a)

My Father”.  Two truths are indicated here, the fact (Father) and the uniqueness (My) of relationship  (Matt 26:39).
   

b)

Abba, Father”.  The word “Abba”, contrary to modern day thinking does not mean “daddy”.  It is a term that is used three times in the scriptures (Mk. 14:36; Rom. 8:15; Gal. 4:6).  It does indicate a term of closeness and endearment.  Interestingly, the only time I am aware of when the Lord calls God, “God”, is in the context of His passion in the cry of His anguish (Mk. 15:34), but “Father” (Matt.26:39) and “Abba Father” (Mk. 14:36). When the Lord calls God, “Father,” the concept is relationship and mature appreciation.  When Christ calls God, “God,” it is in official positioning.  When the Lord calls God, “Abba”, it is in all the trust of a child.
       

2)

Relative to the intensity of the prayer:
   

a)

Two clauses are recorded to assist us to appreciate the intensity of the prayers of the Lord.  Twice over it is recorded that He says, “O my Father” (Matt. 26:39).  To this Luke writes, “Being in an agony He prayed the more earnestly” (Lk. 22:44).  One can sense the heart rendering pleadings as He cried with strong crying and tears, “Oh my Father”.   There was nothing casual here thus we read, “He prayed the more earnestly”.  Never did the Lord pray casually, nor did He ever approach God in a casual way, every prayer was genuine and sincere.  Now He is praying a prayer that could only be balanced by the intensity of that which He was going through.  As the time grew nearer, the prayer became deeper, and the indescribable anguish of His innermost being resulted in sweat, clotted like blood.
   

b)

It is in Luke that we learn about His sweat.  Sweat was one of the results of sin, and now for the last time, we read of sweat in the Scriptures.  It is mentioned three times in the scriptures:
       

i)

“In the sweat of thy face shalt thou eat bread, till thou return unto the ground; for out of it wast thou taken: for dust thou [art], and unto dust shalt thou return” (Gen. 3:19).
       

ii)

“They shall have linen bonnets upon their heads, and shall have linen breeches upon their loins; they shall not gird [themselves] with any thing that causeth sweat” (Ezek. 44:18).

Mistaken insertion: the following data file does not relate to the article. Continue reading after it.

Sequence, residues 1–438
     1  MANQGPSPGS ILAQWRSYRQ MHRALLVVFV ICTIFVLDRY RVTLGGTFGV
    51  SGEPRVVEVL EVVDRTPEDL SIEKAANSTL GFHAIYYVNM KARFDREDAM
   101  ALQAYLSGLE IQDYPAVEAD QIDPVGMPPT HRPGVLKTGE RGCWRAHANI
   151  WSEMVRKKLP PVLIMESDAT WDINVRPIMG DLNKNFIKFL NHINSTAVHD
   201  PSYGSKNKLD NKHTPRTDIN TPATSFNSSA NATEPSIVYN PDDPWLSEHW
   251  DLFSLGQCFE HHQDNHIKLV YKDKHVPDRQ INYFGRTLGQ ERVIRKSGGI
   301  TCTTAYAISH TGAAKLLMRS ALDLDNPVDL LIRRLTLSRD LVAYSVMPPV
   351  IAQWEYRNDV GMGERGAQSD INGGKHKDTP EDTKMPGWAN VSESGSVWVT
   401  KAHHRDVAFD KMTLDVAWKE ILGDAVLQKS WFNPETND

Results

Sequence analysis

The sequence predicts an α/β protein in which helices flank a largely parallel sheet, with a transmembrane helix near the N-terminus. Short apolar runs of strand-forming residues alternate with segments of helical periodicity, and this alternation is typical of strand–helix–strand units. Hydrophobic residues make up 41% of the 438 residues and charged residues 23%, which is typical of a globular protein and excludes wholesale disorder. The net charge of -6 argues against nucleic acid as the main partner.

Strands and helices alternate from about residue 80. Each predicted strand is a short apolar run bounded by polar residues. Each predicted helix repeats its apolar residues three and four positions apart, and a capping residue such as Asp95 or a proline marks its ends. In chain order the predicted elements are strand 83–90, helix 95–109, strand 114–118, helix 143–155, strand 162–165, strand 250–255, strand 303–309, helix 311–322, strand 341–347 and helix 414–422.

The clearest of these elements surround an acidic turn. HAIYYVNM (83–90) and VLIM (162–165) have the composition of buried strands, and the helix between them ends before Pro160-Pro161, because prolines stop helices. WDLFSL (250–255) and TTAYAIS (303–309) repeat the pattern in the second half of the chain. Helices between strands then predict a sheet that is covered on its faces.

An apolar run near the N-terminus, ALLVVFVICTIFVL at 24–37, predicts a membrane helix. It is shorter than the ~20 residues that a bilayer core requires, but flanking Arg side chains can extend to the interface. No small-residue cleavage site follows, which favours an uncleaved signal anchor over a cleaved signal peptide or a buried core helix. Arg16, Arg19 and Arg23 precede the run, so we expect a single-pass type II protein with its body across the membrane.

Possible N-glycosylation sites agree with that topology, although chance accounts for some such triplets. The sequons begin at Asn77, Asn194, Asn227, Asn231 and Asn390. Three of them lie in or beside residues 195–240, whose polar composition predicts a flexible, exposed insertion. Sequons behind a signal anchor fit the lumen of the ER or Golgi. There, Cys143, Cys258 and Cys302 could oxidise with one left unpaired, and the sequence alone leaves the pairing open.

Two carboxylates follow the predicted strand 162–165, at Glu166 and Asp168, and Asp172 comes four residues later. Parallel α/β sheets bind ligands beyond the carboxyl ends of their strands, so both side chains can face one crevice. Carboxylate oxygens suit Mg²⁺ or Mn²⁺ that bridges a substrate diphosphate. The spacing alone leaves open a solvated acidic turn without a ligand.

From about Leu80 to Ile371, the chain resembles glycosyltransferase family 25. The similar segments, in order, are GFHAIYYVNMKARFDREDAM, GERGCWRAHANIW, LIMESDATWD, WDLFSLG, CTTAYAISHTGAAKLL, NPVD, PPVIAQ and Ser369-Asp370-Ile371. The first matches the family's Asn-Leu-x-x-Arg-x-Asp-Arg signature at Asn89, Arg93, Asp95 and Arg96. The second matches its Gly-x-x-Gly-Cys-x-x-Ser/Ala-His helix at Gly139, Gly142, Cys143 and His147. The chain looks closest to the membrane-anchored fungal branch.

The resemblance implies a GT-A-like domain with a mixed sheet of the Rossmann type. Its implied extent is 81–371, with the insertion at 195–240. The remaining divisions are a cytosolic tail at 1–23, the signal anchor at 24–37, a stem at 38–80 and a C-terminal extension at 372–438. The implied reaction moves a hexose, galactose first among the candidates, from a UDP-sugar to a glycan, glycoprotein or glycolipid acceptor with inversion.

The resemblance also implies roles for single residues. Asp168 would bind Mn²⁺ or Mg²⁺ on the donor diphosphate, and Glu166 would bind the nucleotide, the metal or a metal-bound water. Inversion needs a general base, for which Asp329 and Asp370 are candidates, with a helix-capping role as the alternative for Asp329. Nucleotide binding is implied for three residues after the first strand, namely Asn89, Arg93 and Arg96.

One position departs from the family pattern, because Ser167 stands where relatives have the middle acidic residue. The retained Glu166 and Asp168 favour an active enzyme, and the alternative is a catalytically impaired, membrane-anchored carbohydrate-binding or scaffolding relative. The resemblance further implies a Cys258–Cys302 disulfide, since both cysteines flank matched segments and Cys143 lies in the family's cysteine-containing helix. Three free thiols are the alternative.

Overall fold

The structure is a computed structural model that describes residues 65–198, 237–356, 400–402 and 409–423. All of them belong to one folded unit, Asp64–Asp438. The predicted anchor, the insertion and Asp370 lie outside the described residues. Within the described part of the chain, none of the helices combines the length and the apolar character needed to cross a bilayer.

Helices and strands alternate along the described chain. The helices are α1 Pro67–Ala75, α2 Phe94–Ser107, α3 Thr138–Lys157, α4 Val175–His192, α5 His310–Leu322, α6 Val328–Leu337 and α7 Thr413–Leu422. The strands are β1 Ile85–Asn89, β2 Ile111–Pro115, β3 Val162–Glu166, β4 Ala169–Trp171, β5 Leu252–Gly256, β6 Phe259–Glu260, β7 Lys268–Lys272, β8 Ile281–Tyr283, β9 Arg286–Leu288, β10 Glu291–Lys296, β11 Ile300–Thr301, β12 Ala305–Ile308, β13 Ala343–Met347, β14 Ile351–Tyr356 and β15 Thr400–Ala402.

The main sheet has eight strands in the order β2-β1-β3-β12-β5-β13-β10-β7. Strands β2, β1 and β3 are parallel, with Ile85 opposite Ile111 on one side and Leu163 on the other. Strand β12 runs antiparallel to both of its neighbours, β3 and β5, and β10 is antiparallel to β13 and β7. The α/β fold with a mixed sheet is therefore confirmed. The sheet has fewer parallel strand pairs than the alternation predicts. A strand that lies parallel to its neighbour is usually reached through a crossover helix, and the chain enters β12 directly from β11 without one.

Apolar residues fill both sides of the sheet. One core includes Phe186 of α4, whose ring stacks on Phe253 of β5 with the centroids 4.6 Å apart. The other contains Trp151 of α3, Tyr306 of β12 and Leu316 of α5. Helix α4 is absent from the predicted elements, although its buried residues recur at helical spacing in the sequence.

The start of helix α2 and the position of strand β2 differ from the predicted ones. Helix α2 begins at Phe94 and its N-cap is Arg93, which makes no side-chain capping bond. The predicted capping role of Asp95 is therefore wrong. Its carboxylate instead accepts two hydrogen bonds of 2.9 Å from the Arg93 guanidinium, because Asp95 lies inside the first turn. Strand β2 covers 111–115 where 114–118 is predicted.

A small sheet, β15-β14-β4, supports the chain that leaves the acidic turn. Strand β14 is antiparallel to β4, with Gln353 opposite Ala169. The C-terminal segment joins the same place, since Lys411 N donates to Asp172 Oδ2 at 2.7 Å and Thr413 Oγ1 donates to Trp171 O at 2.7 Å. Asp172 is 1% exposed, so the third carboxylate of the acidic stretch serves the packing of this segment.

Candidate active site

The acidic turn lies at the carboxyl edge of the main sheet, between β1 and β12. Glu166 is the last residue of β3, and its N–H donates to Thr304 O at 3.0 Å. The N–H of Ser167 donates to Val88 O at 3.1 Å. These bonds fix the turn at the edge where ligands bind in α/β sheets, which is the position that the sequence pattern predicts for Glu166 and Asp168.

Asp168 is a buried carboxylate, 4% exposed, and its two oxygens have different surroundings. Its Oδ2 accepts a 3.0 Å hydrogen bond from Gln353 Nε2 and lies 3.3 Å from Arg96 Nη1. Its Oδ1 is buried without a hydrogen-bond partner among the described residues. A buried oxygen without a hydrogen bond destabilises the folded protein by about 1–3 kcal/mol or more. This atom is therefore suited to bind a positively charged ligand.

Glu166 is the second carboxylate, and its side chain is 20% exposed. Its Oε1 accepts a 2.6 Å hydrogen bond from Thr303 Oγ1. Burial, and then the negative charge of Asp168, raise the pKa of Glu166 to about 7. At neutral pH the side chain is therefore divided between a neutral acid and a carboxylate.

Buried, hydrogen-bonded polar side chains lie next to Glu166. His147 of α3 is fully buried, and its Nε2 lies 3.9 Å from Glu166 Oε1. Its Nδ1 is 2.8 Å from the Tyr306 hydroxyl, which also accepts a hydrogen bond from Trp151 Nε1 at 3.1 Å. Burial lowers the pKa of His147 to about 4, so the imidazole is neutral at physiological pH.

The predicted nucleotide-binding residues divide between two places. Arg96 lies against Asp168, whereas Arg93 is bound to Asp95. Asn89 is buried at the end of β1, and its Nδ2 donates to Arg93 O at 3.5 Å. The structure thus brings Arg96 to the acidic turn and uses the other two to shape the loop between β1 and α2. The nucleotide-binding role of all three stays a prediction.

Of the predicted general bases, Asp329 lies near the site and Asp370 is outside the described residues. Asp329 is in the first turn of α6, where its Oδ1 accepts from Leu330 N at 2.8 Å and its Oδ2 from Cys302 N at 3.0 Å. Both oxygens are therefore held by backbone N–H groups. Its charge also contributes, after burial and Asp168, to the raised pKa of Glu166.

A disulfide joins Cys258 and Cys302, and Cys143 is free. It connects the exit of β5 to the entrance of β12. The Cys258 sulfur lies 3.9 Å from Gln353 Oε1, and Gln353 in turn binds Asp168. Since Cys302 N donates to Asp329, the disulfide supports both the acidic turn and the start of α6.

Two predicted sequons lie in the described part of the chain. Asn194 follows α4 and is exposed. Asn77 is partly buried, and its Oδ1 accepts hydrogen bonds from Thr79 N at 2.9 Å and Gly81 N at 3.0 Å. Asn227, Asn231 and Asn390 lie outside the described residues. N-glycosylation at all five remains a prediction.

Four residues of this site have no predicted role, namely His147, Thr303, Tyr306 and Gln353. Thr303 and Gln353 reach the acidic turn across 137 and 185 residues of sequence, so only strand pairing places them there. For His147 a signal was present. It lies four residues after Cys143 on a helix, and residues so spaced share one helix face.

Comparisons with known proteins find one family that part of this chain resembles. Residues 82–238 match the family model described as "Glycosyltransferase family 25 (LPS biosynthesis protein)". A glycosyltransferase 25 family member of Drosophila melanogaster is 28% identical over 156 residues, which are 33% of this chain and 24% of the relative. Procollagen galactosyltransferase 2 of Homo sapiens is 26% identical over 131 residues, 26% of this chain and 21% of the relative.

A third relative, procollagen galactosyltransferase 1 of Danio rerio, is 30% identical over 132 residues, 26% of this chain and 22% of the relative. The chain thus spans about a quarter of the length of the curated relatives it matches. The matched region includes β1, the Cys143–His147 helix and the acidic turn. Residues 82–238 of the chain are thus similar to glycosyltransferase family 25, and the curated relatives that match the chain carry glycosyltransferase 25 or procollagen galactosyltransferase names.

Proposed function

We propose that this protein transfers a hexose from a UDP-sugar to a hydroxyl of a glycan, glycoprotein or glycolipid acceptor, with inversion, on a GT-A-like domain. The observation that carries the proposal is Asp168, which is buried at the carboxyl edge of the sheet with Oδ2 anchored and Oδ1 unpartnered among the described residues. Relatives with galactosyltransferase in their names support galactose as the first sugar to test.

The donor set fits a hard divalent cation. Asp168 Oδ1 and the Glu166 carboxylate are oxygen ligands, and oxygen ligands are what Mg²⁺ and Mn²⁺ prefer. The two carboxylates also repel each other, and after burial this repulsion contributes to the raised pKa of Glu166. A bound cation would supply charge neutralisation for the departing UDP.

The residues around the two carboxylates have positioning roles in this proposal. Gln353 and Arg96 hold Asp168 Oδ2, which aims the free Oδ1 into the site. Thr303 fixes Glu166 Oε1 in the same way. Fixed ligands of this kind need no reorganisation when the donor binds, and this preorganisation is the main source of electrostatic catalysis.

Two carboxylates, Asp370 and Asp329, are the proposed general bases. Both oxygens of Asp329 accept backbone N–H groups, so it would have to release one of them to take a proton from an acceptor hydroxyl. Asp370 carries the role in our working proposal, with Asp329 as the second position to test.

iii)

“And being in an agony he prayed more earnestly: and his sweat was as it were great drops of blood falling down to the ground” (Lk. 22:44).
           

3)

Relative to the prayer:
   

a)

The prayer of the Lord is in three parts, first, a plea, then the crisis point, and finally a confirming, His confirming to fulfill the will of God.  In the gospels, the wording is slightly different:
       

i)

In Matthew the Lord is recorded as saying, “If it be possible, let this cup pass from me” (Matt. 26:39).  The Lord appeals on the grounds of God’s ability to find another way.
       

ii)

Again in Matthew He prays, “If this cup may not pass away from me, except I drink it” (Matt. 26:42).  It is the acceptance that there is no other way.
       

iii)

In Luke the words are, “If thou be willing, remove this cup from me” (Lk. 22:42).  It is an appeal to the will of God.
   

b)

The magnificence of the word “nevertheless” cannot be over emphasized.  It is good to ask the question, “What if He had said, “I cannot go through with this”, “this is too much to ask?”.  What would have been the repercussions?  On this statement hangs the glory of God, the unity of the Godhead, the redemption of humanity, the defeat of Satan, the fulfilling of the purposes of God for time and all eternity.  There is no combination of words in any language or combination of languages which could describe the resulting horrors if the Lord had declared even the slightest reluctance to drink that cup.  One cannot help but see that sight as celestial and demonic beings of every rank watched the Lord of glory prostate on the ground, pleading if there was any other way, and waited for the response, not just of His lips, but also of His heart.  Here we have the crisis of full surrender but one that must be done in a pure way, no reluctance but with cheerfulness.  Then the words which shout “salvation” to every individual of every clime in every age, “Not my will but thine be done” (Lk. 22:42).

. . . Rowan Jennings